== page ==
16. If you were ever discouraged from academics or jobs because of race, class, ethnicity, gender, or sexual orientation, take one step back.
17. If you were raised in a single-parent household, take one step back.
18. If your family owned the house where you grew up, take one step forward.
19. If you saw members of your race, ethnic group, gender, or sexual orientation portrayed on television in degrading roles, take one step back.
20. If you were ever accepted for something you applied to because of your association with a friend or family member, take one step forward.
21. If you were ever denied an academic or work experience because of your race, ethnicity, gender, or sexual orientation, take one step back.
22. If you or someone you know has ever been mistrusted or accused of lying, stealing, or cheating without sufficient evidence, take one step back.
23. If you were ever accused of cheating or lying and believe it was due to your race, ethnicity, gender, or sexual orientation, take one step back.
24. If walking alone at night, you never have to worry about anyone feeling threatened because of your presence, take one step forward.
25. If you had to rely primarily on the school bus for transportation, take one step back.
26. If you had to rely primarily on a teacher, coach, or friend’s family member for a ride home after extracurricular activities, take one step back.
27. If you were ever stopped or questioned by the police and believe it was due to your race, ethnicity, gender, or sexual orientation, take one step back.
28. If you were ever afraid of violence because of your race, ethnicity, gender, or sexual orientation, take one step back.
29. If you were generally able to avoid places that were dangerous, take one step forward.
30. If you were ever uncomfortable about a joke related to your race, ethnicity, gender, or sexual orientation but felt unsafe to confront the situation, take one step back.
31. If you were ever the victim of violence related to your race, ethnicity, gender, or sexual orientation, take one step back.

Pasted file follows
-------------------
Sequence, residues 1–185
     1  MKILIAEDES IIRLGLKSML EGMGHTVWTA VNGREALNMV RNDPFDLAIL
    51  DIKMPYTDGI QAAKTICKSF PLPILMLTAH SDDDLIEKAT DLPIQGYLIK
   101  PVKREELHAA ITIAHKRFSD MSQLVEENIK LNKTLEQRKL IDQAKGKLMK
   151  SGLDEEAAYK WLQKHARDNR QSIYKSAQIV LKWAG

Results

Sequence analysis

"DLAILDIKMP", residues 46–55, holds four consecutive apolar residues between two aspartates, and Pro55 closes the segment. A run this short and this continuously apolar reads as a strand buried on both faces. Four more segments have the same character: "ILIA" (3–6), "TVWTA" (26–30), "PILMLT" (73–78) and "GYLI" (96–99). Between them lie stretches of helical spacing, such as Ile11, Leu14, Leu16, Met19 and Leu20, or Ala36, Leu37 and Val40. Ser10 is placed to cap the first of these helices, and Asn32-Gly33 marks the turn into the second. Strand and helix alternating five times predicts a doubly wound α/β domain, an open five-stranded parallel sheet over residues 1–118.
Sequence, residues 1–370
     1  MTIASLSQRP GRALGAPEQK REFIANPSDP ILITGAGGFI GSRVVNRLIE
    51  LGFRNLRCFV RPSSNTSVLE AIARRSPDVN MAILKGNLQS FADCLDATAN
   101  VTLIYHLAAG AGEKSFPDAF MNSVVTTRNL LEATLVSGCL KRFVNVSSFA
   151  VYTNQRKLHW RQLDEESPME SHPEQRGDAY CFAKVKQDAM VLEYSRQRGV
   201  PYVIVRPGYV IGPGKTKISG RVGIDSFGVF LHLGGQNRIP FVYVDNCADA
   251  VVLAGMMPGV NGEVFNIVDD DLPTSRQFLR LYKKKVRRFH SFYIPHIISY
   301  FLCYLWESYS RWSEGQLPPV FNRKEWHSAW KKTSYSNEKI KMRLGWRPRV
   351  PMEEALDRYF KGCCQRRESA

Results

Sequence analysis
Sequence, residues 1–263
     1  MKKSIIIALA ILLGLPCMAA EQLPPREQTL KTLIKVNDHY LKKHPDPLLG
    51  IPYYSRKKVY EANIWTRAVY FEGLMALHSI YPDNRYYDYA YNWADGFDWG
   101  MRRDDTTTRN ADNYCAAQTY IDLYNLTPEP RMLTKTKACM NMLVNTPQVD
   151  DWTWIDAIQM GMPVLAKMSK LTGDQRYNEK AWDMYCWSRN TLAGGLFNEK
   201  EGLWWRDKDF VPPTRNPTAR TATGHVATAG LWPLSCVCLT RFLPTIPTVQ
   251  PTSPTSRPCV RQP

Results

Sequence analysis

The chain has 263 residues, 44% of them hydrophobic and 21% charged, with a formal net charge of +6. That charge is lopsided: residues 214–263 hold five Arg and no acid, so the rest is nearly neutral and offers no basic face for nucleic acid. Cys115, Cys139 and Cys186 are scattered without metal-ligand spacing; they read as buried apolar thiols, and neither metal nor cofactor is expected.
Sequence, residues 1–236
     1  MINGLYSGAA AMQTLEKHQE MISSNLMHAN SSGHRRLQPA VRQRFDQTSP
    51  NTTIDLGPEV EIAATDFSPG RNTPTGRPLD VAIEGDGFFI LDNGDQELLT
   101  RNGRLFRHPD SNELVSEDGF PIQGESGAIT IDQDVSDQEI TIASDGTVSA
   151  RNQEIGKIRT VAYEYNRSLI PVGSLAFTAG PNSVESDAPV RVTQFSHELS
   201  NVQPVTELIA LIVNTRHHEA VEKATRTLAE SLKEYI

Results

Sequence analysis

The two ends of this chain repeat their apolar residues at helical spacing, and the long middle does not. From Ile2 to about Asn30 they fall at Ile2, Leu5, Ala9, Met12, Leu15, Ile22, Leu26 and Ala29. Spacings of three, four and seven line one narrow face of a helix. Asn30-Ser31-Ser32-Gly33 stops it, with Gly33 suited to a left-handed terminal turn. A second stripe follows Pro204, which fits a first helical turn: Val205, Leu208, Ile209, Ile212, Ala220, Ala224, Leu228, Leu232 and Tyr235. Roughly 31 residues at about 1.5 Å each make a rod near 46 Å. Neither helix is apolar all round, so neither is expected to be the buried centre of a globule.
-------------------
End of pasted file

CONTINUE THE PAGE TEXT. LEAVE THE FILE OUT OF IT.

32. If your parents grew up outside of the [country you're in], take one step back.
33. If your parents grew up in a two-parent household, take one step forward.
34. If your parents told you that you could be anything you wanted to be, take one step forward. 35. If it was assumed from a young age that you would go to college, take one step forward.
36. If no one in your immediate family has ever been addicted to drugs or alcohol, take one step forward.
37. If you went on regular family vacations, take one step forward.
38. If you don’t have to cope with frequent catcalls because of your gender, take one step forward.
39. If you were expected to graduate from a four-year college/university, take one step forward.
40. If there was someone with a master’s degree in your home growing up, take one step forward.
41. If there was someone with a doctorate degree in your home growing up, take one step forward.
42. If you almost always feel comfortable with people knowing your sexual orientation, take one step forward.
43. If you have ever been spoken over because you could not articulate your thoughts fast enough, take one step back.
Privilege Walk Debrief
This is an activity that can generate strong emotions. As emotions are relieved, the debrief will help participants realise that either privileges or marginalisation are integral to who they are.
Instead of casting off either privilege or marginalisation, participants can learn how to reconcile with themselves, and through the utilisation of newfound knowledge of the self, have a better relationship with themselves and others around them.
These questions might help facilitate an interesting conversation. Make
What was the purpose of this exercise?
What did you learn from it?
What were some factors that you have never thought of before?
What happened during the exercise?
If you broke contact with the person beside you, how did you feel in that moment?
What question made you think most? If you could add a question, what would it be?
Were you surprised by anything?
How did it feel to be in the group that took a step forward or a step back?
How did it feel to be in the front or back of the room?
Was there a time when you wanted to be a part of the group moving forward?
What might we draw from this exercise that can help us in our everyday lives?
What do you wish people knew about one of the identities, situations, or disadvantages that caused you to take a step back?
How can your understanding of your privileges or marginalisations improve your existing relationships with yourself and others?
Sources and Resources
Peace Learner - https://peacelearner.org/2016/03/14/privilege-walk-lesson-plan/
Transfer Leadership Institute - https://www.eiu.edu/eiu1111/Privilege%20Walk%20Exercise-%20Transfer%20Leadership%20Institute-%20Week%204.pdf
Learn for Justice - https://www.learningforjustice.org/magazine/beyond-the-privilege-walk